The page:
Traditional Publishing

Boost creativity by befriending your muse

By Molli Nickell – Saturday April 26, 2008

The harsh reality about making the transition from wannabe to published author is that you actually have to complete your manuscript. No agent or editor is going to perform a lobotomy to extract your words as they slumber, unwritten, between your ears. To assist you in transforming what you want to write into a book or magazine manuscript, consider enlisting the aid of your muse.

According to the Greeks (the culture which gave the world the Olympics, Zorba the Greek, and toga parties), everyone has a “muse” available to assist in any creative endeavour, be it writing, painting, drawing, sculpture, photography, dancing, etc. You already may be familiar with your muse, but recognise it as your inner self, creative self, higher self, subconscious, or inner child. Regardless of how you label it, incorporating this powerful and inspirational force will enhance your creativity and keep you moving forward on the path to becoming a published author. Follow these four, simple steps.

First, trust that you really truly have a muse.

Second, be willing to ask your muse for help. How? Just ask. (Duh!) You might say something like: “Thank you muse, for helping me complete my manuscript. Your presence and assistance are appreciated.”

Third, make a BIC commitment, meaning, putting your Butt In the Chair to write – same time, same place – on a schedule that works for you. This proves to you and your muse that you’re serious about writing. You’re not just flapping your gums (and boring people) when you talk about this wonderful book or article or whatever you’re going to write someday when you have time. Despite job, car pool, kids, soccer practice, home care, shopping, working out, yoga, etc. you can make the time to bring your words to life.

How does this commitment business work? For starters, set your alarm 15 or 30 or 45 minutes ahead of your usual crawling-out-of-bed time. Be comfy in bathrobe or sweats and head for your writing place, plunk yourself down, and write. No distractions. Bathroom breaks are OK, but do not pass GO, prepare coffee, tidy up the kitchen, or run around the block first. The point is to remain, as much as possible, in the alpha state (dreamy and not fully awake) to open your receptive pathway so ideas can zip into your mind, travel through your fingers and emerge on the screen (or paper).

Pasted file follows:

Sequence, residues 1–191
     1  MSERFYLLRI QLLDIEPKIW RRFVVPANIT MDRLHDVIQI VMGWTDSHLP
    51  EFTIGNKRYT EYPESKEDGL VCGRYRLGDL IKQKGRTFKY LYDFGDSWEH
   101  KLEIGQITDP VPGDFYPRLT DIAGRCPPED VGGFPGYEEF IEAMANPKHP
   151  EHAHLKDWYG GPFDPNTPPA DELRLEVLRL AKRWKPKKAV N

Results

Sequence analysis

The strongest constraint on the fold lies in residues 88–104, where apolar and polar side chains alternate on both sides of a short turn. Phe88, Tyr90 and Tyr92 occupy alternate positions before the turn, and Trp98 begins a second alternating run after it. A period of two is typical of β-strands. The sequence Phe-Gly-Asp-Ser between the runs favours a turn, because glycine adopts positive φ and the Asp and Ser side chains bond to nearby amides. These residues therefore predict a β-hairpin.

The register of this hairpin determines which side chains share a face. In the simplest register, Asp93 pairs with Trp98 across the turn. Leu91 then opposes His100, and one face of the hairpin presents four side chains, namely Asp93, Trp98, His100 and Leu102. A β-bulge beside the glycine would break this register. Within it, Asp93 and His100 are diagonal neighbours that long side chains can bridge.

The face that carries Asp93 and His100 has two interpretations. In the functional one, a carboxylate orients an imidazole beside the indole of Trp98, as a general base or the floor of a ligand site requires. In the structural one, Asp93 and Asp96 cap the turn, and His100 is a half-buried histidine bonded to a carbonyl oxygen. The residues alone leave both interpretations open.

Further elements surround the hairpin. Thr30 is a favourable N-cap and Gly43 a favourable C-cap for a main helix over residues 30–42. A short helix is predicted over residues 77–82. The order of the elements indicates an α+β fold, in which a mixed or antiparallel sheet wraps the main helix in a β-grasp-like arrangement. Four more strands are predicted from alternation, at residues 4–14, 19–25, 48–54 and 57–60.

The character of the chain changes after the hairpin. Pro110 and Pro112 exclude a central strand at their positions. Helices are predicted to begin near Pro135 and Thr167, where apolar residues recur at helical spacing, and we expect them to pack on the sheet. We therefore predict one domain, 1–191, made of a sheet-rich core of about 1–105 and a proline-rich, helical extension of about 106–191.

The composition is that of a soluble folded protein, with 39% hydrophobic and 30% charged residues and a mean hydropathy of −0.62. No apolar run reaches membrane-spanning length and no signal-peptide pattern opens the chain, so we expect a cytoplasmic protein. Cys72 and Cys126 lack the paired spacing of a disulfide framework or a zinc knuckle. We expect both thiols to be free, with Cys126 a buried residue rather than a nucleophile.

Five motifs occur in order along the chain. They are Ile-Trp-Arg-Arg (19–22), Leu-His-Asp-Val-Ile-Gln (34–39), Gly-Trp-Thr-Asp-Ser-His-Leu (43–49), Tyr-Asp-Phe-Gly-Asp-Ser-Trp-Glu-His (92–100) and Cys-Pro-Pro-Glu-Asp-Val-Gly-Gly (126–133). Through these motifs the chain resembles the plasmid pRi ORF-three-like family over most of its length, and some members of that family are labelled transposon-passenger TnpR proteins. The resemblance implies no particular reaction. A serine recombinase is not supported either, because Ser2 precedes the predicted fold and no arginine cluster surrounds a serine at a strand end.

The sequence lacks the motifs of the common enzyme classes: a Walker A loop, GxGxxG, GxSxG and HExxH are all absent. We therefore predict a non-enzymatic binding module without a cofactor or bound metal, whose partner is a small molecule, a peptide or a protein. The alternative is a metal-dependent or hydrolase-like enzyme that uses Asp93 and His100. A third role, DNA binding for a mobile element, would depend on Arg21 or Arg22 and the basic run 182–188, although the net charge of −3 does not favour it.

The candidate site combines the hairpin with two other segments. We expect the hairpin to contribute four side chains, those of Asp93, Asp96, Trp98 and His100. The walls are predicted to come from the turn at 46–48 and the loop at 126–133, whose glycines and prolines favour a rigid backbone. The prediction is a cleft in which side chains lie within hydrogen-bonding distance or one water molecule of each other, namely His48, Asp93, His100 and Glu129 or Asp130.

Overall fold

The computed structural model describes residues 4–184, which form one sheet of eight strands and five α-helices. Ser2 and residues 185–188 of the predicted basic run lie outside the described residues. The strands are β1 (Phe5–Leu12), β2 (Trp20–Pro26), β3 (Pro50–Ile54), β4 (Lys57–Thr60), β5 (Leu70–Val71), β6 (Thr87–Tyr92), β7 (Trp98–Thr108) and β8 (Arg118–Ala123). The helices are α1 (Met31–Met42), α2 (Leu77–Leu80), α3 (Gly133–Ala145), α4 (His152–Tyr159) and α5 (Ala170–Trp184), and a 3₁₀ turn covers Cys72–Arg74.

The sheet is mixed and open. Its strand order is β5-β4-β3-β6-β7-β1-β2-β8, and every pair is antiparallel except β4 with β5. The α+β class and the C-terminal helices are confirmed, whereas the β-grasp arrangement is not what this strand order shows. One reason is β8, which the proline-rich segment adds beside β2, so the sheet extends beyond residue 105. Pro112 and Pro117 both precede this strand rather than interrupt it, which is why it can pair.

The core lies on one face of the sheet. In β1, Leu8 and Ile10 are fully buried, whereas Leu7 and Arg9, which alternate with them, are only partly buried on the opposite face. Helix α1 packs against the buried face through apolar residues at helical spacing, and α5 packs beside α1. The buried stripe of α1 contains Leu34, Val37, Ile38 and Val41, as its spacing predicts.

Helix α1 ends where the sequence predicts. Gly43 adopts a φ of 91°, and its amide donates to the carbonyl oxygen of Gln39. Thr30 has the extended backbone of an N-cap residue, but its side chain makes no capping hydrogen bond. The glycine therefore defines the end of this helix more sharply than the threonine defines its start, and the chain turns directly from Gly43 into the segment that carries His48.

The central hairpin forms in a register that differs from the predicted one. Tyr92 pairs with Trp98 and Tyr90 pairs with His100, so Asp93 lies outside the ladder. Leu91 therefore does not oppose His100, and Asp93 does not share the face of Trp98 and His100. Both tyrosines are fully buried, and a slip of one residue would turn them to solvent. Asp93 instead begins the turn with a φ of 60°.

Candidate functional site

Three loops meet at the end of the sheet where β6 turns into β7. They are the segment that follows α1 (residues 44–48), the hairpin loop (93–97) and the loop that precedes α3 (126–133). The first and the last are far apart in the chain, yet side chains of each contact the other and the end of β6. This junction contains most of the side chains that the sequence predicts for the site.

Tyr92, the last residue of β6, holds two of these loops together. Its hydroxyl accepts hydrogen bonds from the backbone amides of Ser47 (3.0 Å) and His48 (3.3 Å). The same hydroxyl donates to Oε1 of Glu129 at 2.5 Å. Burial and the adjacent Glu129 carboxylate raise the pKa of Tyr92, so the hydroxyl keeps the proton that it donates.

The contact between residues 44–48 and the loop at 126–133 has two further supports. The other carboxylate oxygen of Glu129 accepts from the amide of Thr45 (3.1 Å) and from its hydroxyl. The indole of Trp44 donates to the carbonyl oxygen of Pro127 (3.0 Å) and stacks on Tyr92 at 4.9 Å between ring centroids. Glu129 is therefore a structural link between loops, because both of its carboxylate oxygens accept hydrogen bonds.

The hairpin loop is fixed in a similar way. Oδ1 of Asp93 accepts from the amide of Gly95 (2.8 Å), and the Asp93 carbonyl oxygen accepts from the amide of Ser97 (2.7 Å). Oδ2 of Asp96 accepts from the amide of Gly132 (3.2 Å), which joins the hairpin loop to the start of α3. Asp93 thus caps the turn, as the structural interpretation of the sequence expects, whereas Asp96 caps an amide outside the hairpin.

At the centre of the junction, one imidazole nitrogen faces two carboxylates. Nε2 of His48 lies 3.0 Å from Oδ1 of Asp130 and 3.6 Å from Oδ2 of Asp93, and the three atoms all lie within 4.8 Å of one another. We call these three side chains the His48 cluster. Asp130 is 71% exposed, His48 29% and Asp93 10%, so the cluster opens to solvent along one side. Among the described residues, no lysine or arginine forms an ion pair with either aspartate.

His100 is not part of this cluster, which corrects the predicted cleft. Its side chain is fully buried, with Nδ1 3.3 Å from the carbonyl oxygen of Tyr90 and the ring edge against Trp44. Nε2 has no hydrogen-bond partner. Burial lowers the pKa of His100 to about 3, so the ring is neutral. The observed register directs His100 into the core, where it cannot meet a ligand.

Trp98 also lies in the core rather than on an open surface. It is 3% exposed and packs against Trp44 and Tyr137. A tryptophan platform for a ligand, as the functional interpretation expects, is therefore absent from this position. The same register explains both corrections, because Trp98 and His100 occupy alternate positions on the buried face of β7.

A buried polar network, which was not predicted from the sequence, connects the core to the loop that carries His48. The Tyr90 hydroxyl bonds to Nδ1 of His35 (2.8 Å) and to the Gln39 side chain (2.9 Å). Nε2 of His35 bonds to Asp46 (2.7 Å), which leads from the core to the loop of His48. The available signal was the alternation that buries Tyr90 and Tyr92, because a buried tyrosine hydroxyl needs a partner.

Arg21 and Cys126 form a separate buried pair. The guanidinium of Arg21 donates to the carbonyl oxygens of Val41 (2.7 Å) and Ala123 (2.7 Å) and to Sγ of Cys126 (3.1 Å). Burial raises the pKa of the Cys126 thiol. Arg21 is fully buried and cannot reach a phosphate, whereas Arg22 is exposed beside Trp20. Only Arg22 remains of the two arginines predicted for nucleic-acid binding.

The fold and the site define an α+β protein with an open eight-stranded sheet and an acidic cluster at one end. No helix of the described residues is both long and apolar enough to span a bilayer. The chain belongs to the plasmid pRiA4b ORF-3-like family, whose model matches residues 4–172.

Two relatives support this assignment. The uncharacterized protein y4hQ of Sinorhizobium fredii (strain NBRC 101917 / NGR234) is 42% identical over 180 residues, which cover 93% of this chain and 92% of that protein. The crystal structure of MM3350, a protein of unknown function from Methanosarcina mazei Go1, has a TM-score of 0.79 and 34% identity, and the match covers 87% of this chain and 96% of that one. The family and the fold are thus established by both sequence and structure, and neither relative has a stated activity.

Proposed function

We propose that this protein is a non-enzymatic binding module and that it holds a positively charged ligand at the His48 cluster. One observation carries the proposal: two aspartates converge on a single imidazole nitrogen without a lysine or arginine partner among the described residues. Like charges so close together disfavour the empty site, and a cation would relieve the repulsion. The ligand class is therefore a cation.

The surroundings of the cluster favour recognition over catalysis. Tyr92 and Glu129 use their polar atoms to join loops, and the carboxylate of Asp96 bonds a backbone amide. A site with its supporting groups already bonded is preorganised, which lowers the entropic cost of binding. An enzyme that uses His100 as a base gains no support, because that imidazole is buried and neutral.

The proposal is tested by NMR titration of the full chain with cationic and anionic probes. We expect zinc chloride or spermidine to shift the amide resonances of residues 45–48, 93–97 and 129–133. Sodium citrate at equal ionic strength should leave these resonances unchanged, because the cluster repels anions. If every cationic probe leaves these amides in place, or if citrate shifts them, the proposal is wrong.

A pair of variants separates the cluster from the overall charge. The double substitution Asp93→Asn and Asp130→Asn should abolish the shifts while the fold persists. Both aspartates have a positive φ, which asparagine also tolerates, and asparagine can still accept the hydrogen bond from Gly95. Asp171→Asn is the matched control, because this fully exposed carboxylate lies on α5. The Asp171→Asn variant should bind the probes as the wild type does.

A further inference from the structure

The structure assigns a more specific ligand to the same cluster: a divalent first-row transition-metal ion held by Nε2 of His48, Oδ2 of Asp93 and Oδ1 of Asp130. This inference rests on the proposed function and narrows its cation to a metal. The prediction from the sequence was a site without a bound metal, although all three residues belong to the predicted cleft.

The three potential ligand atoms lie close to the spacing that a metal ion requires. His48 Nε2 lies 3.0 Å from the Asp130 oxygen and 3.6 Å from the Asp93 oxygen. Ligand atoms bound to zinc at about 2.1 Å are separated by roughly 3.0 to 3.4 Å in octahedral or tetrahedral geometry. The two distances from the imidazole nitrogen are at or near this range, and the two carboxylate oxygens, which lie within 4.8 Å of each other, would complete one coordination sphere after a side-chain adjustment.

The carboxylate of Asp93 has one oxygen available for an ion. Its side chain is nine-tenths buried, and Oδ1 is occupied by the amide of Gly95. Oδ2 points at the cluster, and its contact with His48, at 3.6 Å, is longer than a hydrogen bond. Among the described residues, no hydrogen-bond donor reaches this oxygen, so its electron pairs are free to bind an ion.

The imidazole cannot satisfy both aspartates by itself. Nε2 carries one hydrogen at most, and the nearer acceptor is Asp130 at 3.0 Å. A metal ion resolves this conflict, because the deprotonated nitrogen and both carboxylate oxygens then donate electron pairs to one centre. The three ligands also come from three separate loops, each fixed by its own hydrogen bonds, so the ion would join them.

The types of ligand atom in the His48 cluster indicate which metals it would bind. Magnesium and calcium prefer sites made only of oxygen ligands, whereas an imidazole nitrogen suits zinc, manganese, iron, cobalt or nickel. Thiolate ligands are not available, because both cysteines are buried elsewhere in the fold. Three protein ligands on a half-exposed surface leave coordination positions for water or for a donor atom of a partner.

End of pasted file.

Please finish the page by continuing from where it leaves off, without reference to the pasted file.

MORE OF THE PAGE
Maybe morning isn’t your best time. Fine. Pick another. Instead of watching mindlessly violent TV programs (like the evening news), use that time to commune with your muse and write. It’s not important whether your “same time” is AM or PM. What matters is that you consistently sit down at your chosen time, invite your muse to be with you, and write.

Start out easy. You’re acquiring a new skill. How about giving yourself thirty minutes a day? That’s doable. Thirty minutes a day, six days a week, add up to twelve hours a month – a healthy chunk of writing time.

Fourth, read what you wrote during your last writing session before you go to bed. Be thinking about that as you drift off into dreamland. This way, you and your muse (also “on call” when you’re sleeping) will be up to snuff and champing at the bit to continue writing the next day.

It’s simple. Invite your muse to become part of your writing life, put your butt in the chair, same time/same place, and enjoy the resulting creative boost. Keep in mind that any culture brilliant enough to have given the world big fat weddings and big fat buildings (the Pantheon) obviously knows the big fat secret to boosting creativity.

From Nike, the Greek goddess of victory... GO FOR IT!

About the Author

Molli Nickell, five-times published author, former publisher and Time-Life editor, helps writers learn to shift from "telling" to "selling" – a vital step in writing effective marketing documents. She teaches how to craft effective, sales-oriented queries and proposals that generate the coveted response of, "Yes, please submit your manuscript." Her website,, offers insider information on what agents/editors/publishers want, critiqued query letters to study, and, FREE query evaluations (no kidding, they're free!).